By Harleen Kaur Bagga

Edited by Subani Bagga, Senior editor, The Indian Economist

The dark bleak world of horror holds a strange fascination for many people. Even if the paranormal unknown scares the pants off of you, it nonetheless wields a strange charm, captivating you, seducing you into exploring the mysteries of these dark realms. So, even though your heart slaps you with a resignation notice if you dare proceed, you can’t help but continue all those late-night rendezvous under the blanket, nestling a torch in one hand and a Goosebumps in the other. Inky haunted houses still capture your fascination despite warning bells ringing in your ears. And the caw-caw of a crow in the dark sends chills up your spine.

The element of the horror, embodied concretely in the figure of the monster, has been around for a really long time – with the centaurs and the Cyclops of antiquity to the vampires, werewolves, mummies and zombies that inhabit our world now. The word ‘monster’ itself originates from the Latin monstrum, meaning an evil omen, taken from monere, meaning to warn. Joseph Campbell, in The Power of Myth said, “By monster I mean some horrendous presence or apparition that explodes all of your standards for harmony, order, and ethical conduct.” Monsters thus denote the accidental, the incomplete hybrid, the confusion created through a lack or an excess. They are the gross mutated impure abominations which, through their uncultured dark animalistic impulses, are a departure from the easily-understood ‘rational’ behaviour of the humans that stand on the opposite spectrum.

So, Stoker’s Dracula, a gothic horror story, can be viewed as the manifestation of our greatest fears, representing darkness, the demonic, the anomaly, the unknown, the forbidden. However, increasingly, the monstrous has come to inhabit a wider, more colloquial sphere – with anything that deviates from the norm being a characteristic feature of the monstrous condition. Birth defects, mental disorders,and incomprehensible irrationality then take on monstrous dimensions.

Monsters, representations of anxieties residing in society, can be then also understood as social constructions operating along class, gender, and race. Why is it that intelligent clever monsters are usually portrayed as white (Dracula) while the beastlier, primeval brutes clearly depict anxieties about people of colour (King Kong)? Yet, monsters don’t solely embody cultural anxieties, but also become a symbol of the darkness within, a trope made popular by “We stopped checking for monsters under our beds when we realized they were inside us”. Thus, Dr. Jekyll and Mr. Hyde, along with movies like Psycho, Vampyr, and Peeping Tom, show that “horror is not to be found in the things around us but in our own subconscious” (Carl Theodor Dreyer).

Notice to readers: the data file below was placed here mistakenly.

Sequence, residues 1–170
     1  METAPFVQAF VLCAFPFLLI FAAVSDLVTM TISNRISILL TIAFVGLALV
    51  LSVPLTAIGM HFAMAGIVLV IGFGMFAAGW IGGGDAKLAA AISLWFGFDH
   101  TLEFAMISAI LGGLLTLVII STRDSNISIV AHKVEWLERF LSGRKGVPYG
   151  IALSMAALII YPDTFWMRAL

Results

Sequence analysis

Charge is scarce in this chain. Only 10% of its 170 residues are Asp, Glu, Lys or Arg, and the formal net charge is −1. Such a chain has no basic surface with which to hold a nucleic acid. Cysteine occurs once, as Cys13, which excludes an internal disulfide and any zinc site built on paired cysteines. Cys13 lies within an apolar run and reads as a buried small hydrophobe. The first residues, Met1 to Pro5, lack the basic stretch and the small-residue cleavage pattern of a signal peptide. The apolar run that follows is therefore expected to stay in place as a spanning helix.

Nevertheless, there has been prevalent quite an old trend of humanizing the monster – Beauty and the Beast, The Phantom of the Opera, King Kong and Interview With the Vampire, being some of them. This humanization helps develop, if not an absolute acceptance of the unknown other, a partial erasure of the supposed inherent evilness of these beings. Yet, it does not end here. We now get introduced to a newer set of monsters whom we actively desire. These romanticized images of sexy monsters, made popular by Edward Cullen and Jacob Black, mark a huge shift from the fearsome figure of Stoker’s Dracula.

Whereas the repulsive appearance of gigantic and deformed monsters was supposed to denote a world of chaos, manifesting through the human-being’s fears embedded in a cultural and individual (self) context, we now have pretty monsters who maintain a vegetarian diet and sparkle in the sun. The very act of bloodsucking inherent to the figure of the vampire gets subverted and replaced by a good-looking vampire who harbours a tortured conscience. It is important to note that most of these monsters are engendered by conditions outside of their control. They can’t help being who they are. However, their moral obligations push them to transcend their “evil” existence, emerging victorious through self-conscious acts of goodness. This fascination with the immortal beautiful conscientious monster then leads to the heroine wanting to abandon her human state to move towards the monstrous, all operating under the framework of consent.

Thus, what makes the monster monstrous is done away with. Instead, we have the brooding hero who perfectly incorporates an intriguing darkness, an active conscience, and the most perfect body ever [over the years, visual representations of Dracula and Eric (The Phantom of the Opera) have become more flattering]. This blurring of the “human” and “monster” binary reflects a fascination with the forbidden, with an evil now repackaged into something which is the epitome of physical and mental perfection. However, are we not forgetting that the monster is actually the expression of an anomaly, an unnatural creation? Even though we have come a long way by humanizing these social outcasts, does not prettifying them then indicate an indulgence in a fetishization, where the very act of humanization is then vastly dependent on beautiful and acceptable bodies, with the hideous Other again being relegated to the pits of ignorance and unacceptability?

Harleen  is an Art and Literature enthusiast, currently studying English lit at St. Stephen’s College, Delhi. She lives in a world of hyperbole and Homeric similes and is irrevocably in love with descriptive words. Quite fond of stationery, the smell of old books, and the Harry Potter fandom, she most unfortunately possesses a traitorous mouth and a natural propensity to fall into embarrassing situations. You can reach her at subanibagga@yahoo.com.

Posted by The Indian Economist | For the Curious Mind